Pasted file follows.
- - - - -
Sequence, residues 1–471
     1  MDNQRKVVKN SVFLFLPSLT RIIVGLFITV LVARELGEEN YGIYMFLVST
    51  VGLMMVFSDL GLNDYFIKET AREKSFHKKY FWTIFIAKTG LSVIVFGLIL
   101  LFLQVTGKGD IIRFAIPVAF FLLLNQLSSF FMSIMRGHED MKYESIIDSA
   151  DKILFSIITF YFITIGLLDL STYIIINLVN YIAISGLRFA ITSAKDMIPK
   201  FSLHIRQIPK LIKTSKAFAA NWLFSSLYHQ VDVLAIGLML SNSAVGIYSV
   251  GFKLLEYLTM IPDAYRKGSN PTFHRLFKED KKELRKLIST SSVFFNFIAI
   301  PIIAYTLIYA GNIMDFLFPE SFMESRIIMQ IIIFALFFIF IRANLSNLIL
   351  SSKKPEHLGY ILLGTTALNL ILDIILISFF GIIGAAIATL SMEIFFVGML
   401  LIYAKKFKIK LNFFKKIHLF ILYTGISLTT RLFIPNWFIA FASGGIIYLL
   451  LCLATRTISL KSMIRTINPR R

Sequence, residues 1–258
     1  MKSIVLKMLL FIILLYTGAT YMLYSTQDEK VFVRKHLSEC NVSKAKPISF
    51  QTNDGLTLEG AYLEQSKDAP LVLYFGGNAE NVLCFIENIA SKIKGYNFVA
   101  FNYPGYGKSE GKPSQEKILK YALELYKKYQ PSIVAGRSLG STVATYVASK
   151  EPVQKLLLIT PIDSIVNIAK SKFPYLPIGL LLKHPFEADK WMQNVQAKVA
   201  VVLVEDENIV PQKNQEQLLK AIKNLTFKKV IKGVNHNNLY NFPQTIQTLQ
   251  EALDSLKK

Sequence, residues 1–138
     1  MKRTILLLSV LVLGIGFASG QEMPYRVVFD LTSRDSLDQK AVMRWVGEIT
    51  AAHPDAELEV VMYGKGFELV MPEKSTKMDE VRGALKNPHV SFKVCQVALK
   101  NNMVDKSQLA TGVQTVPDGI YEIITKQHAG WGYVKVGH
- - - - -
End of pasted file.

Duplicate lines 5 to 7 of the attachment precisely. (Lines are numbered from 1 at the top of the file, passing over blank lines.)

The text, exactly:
   151  DKILFSIITF YFITIGLLDL STYIIINLVN YIAISGLRFA ITSAKDMIPK
   201  FSLHIRQIPK LIKTSKAFAA NWLFSSLYHQ VDVLAIGLML SNSAVGIYSV
   251  GFKLLEYLTM IPDAYRKGSN PTFHRLFKED KKELRKLIST SSVFFNFIAI